Professor Oberlechner and his daughter Elizabeth. Photo courtesy of Oberlechner.
While most students were taking their midterms this year, professor Steve Oberlechner was preparing for the “test of his life”: becoming a father.
His wife and fellow professor, Cassandra Pritts, gave birth to their daughter on Sept. 27, 2017. On that day, Oberlechner added “proud dad” to his list of accomplishments, which includes hiking over 2,000 miles and being a published author.
Oberlechner is using his English background to pick up on ways his newborn daughter communicates. “Instead of just crying, we can hear cooing noises,” he said. “She can make some very funny faces!”
The test of fatherhood is one that Oberlechner finds exciting and terrifying. He and his wife are adjusting and learning as they go.
“No regrets, just less sleep!” he said with a chuckle. “It helps to have Cassie going through it with me. We’ll be supporting each other while we learn to support a child.”
Juggling the responsibilities of grading midterm papers and a newborn in the hospital made Oberlechner’s time dedicated to hiking the Appalachian Trail alone seem like a walk in the park.
The trail runs from Georgia to Maine, through 12 different states with hazards that include severe weather, black bears, venomous snakes, limited water and tick-borne diseases.
Oberlechner on the Appalachian Trail. Photo courtesy of Oberlechner.
“I really love it, despite the difficulty,” Oberlechner said. He plans to keep working his way south, finishing up the last 400 miles of the trail.
The beauty of the world and the adventure in seeing it appeals to him.
“Part of what I enjoy about it is just being in nature and being alone to reflect and take in a gorgeous view.”
Oberlechner often finds inspiration on the trail, too. “There’s little to distract me,” he said.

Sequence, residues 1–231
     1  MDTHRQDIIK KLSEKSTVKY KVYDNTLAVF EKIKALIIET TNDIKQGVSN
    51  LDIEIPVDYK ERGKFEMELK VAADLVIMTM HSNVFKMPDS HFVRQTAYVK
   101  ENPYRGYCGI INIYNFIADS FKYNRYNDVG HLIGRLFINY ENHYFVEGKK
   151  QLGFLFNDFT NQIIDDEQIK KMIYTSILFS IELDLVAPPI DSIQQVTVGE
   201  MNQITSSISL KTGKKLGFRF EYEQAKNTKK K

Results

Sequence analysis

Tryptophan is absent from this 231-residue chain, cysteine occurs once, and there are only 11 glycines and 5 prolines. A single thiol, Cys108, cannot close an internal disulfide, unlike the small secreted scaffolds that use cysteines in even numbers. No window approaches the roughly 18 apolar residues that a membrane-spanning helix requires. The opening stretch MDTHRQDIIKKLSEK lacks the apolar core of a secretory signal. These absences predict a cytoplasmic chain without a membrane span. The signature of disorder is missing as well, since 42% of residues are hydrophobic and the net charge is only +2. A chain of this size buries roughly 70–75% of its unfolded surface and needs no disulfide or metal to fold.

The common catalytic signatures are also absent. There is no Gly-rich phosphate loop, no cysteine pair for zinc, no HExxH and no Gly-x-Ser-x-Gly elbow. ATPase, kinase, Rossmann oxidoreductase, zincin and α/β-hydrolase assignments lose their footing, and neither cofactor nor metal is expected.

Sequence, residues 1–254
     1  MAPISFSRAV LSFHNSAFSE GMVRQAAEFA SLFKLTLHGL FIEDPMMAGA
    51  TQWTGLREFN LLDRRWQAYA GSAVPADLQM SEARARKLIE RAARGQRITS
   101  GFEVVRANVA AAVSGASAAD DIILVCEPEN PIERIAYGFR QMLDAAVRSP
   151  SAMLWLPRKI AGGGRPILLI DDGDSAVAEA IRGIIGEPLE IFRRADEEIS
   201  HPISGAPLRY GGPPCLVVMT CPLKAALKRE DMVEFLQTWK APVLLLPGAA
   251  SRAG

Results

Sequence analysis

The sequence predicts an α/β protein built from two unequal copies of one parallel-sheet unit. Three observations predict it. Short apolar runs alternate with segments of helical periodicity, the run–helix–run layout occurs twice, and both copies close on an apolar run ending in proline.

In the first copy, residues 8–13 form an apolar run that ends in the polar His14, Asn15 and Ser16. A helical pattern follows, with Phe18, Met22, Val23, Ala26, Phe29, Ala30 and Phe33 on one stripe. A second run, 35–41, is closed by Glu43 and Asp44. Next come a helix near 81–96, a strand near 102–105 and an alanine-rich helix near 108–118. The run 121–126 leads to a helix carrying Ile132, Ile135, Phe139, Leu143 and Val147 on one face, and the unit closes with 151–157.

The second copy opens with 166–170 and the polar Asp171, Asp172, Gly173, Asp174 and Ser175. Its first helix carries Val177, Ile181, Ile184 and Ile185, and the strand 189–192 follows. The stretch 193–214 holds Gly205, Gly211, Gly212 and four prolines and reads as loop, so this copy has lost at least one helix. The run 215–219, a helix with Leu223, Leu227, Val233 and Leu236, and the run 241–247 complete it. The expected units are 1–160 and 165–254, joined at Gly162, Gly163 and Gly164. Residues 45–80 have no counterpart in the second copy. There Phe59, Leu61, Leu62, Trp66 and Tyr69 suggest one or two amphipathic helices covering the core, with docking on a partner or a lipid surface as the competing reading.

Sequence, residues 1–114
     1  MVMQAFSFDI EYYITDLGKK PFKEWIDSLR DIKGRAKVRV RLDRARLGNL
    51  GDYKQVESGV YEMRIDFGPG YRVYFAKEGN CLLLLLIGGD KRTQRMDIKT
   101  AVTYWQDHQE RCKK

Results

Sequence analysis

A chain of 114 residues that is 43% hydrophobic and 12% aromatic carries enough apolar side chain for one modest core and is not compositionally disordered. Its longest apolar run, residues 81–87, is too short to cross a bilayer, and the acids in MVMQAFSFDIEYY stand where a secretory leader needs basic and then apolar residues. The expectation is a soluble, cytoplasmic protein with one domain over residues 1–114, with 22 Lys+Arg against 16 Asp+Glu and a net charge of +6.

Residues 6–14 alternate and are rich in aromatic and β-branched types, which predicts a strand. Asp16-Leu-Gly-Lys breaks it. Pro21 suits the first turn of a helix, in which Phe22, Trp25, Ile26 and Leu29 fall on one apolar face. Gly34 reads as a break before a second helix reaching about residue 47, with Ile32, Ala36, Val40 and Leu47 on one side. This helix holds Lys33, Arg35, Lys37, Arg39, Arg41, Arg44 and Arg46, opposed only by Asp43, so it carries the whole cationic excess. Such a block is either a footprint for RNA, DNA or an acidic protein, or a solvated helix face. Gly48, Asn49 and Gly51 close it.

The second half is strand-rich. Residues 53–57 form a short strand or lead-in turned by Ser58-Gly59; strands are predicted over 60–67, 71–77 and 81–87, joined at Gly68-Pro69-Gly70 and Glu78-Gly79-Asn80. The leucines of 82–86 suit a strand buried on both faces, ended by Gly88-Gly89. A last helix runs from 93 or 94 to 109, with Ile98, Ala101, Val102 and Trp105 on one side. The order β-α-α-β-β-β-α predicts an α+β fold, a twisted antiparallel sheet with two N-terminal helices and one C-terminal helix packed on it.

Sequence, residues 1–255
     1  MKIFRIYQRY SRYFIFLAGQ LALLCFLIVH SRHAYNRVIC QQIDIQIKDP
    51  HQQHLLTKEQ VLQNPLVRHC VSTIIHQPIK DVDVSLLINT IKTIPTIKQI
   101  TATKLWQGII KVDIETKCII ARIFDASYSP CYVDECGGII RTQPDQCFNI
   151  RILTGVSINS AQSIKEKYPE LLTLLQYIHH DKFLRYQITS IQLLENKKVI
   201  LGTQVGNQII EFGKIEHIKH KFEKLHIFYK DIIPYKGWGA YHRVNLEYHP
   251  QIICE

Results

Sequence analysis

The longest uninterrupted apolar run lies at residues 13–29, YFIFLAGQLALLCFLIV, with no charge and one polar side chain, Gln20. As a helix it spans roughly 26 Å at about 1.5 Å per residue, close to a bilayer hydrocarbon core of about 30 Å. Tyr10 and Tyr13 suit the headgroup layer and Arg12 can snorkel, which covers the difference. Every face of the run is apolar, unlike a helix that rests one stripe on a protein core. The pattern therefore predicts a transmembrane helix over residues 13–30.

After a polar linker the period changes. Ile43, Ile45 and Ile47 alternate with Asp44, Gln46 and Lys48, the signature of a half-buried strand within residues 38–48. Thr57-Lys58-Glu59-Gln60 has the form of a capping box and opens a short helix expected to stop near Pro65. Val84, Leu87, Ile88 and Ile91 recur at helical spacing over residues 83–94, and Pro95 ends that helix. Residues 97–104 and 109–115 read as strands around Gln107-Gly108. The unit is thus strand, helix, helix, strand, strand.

Inspiration is the first part in Oberlechner’s long process of writing. He’s had nonfiction pieces appear in The Gettysburg Review, Prairie Schooner and most recently, The Cimarron Review.
His fiction work has appeared online at The Cortland Review and Connotation Press.
In his published writing, Oberlechner has written about his family and growing up in rural Pennsylvania.
He plans to write about his time spent hiking, and he is working on a collection of essays linked by people and places.
Getting his work published is something that has taken much time and attention. Oberlechner’s goal is to one day be published by the Alaska Quarterly Review, a biannual literary journal published by University of Alaska Anchorage.
“I like the idea of my work laying around in some coffee shop in Anchorage or Juneau for somebody to pick up and enjoy or suffer,” Oberlechner said.
Recently, Oberlechner received a personal note from The Alaska Quarterly Review encouraging him to send more pieces, though his submission was not published. This has driven Oberlechner to continue to perfect his work.
“I don’t send out a piece unless it’s ready, and that means it can take a long time,” Oberlechner said.
He tries to stress that message to his students. “If [being published] is something that excites you, [it] can absolutely happen, but you’ve got to submit your very best work. It requires good care and attention.”
That level of care and attention is something he will teach his new students in English 100, 101, 102, and 214 next semester.
In English 214, Creative Non-Fiction, Oberlechner places value in peer feedback and collaboration. Students ‘submit’ pieces to the class, and the works are discussed as a group with other students offering praise and suggestions in a friendly atmosphere.
Unlike composition classes, the focus is on creativity, allowing students to get concrete feedback on their concepts and ideas without a heavy focus on grammar.
“Writing is a way to represent yourself,” Oberlechner said. “I hope [students] can see the broad application of effective communication, no matter the career goal.”